Tuesday, June 27, 2006

Blog Personality

I've often heard people respond to criticisms of their blogging with the idea that "you think you may know me, but you don't really know me." I just read an article that seems to indicate that we can know a great deal about people based on their online work. Perhaps not their heart and soul, but at least a great deal about the fundamental personality dimensions that shape their behavior.

Vazire & Gosling (2004) e-Perceptions: Personality Impressions Based on Personal Websites. Journal of Personality and Social Psychology. Vol 87 (123-132)

These researchers had people rate the personality of individuals whose web page they had reviewed. They compared these ratings with the page owners' self-reported personality. They then compared the accuracy of these ratings to previous research that looked at how accurately someone's personality could be judged based on seeing a picture of their bedroom or office.

The theory behind the study is that people make "identity claims" on their web pages, symbolic statements about who they are and what they are like. A good example of this would be page buttons and links. Everything from format to buttons to graphics are attempts to give others an impression of who you are. In the case of an office, the books on your shelf, the pictures on your walls, etc. all are intentional expressions of your personality.

The other kind of information that is able to be gleaned is called "behavioral residue." These are unintentional disclosures about yourself. In previous research, rating photos of bedrooms and offices, this included pizza boxes, gym socks, etc. Stuff laying around that gives you an idea of what the person does on a daily basis. The authors of the article said that this is pretty rare on a web page. I contend that on a blog, it is not at all rare. Behavioral residue includes spelling and grammar errors (or scrupulosity), speed at which a comment acknowledged, tone of responses, frequency of link updating, and other things that give you a clue as to what the author is really like. The study used static web pages rather than blogs, which I think are probably better indicators of personality as they include dynamic interactions between people.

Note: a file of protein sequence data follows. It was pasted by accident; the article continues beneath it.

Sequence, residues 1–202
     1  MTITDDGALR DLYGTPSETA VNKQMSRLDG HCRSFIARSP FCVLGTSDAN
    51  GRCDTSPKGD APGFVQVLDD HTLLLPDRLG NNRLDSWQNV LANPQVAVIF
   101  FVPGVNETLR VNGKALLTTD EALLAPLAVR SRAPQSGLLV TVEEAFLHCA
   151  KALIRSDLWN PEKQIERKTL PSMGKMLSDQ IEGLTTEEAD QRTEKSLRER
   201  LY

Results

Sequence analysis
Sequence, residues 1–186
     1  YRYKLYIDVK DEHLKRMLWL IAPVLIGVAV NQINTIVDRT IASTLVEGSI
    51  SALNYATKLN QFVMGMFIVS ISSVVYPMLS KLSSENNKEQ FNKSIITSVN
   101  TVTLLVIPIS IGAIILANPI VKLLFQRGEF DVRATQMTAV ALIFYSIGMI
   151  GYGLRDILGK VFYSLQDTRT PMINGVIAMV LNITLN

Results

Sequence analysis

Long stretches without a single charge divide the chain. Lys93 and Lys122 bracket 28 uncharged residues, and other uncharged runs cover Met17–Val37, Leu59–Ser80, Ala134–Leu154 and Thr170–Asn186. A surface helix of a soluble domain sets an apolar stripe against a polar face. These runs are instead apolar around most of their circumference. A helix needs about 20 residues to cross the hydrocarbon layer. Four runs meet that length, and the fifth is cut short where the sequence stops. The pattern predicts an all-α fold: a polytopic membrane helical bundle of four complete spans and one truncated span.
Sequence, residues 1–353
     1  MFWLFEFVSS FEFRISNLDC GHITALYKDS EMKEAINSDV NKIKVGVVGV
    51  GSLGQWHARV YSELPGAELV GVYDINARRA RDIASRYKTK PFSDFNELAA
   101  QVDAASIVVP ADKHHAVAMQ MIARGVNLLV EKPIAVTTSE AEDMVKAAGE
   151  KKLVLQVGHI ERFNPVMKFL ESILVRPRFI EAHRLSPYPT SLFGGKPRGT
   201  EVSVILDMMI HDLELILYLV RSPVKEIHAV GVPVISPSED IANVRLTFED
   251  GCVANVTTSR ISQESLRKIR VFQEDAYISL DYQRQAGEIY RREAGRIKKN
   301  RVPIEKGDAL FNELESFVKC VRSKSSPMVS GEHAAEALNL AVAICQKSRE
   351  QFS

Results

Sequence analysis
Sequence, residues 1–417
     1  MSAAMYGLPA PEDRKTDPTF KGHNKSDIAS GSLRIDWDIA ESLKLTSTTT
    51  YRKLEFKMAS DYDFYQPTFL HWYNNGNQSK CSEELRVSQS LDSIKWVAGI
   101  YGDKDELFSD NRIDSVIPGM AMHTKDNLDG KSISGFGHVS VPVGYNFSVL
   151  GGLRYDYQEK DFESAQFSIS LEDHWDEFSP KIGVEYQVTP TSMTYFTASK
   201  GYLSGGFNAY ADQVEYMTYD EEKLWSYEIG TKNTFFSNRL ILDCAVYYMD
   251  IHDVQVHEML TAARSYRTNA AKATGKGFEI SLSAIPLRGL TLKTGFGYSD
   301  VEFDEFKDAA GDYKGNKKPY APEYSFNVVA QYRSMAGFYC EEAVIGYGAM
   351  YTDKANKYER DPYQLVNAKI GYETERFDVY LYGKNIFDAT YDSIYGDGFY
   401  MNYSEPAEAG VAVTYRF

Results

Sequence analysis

So, here's a brief experiment. Follow this link and answer 10 quick questions about this blog. I will then do a post summarizing the results and talking about what the 5 factors of personality are.

By the way, this does relate to work. Anymore, it is entirely acceptable to have a web resume or an online portfolio (especially for the techies among us). Further, these five personality dimensions are very work relevant, and I'll explain that later. So, we could be saying a lot more about ourselves on a web resume than we think we are saying. It would make sense to consciously tailor your online presence to convey what you want about yourself, rather than accidentally revealing things that are not in your best interest.


Blogger solarblogger said...

I went ahead and did the survey.

Some discussions in this field have to do with whether things are really scientific. I am inclined to think that the best parts are not. The most valuable parts of your field, to me, are art. (I believe there is science to much that is done as well. When I want that, I tend to read neurology.)

Do you expect testing to be science? Or is there a good place for art in such devices?

3:16 PM  

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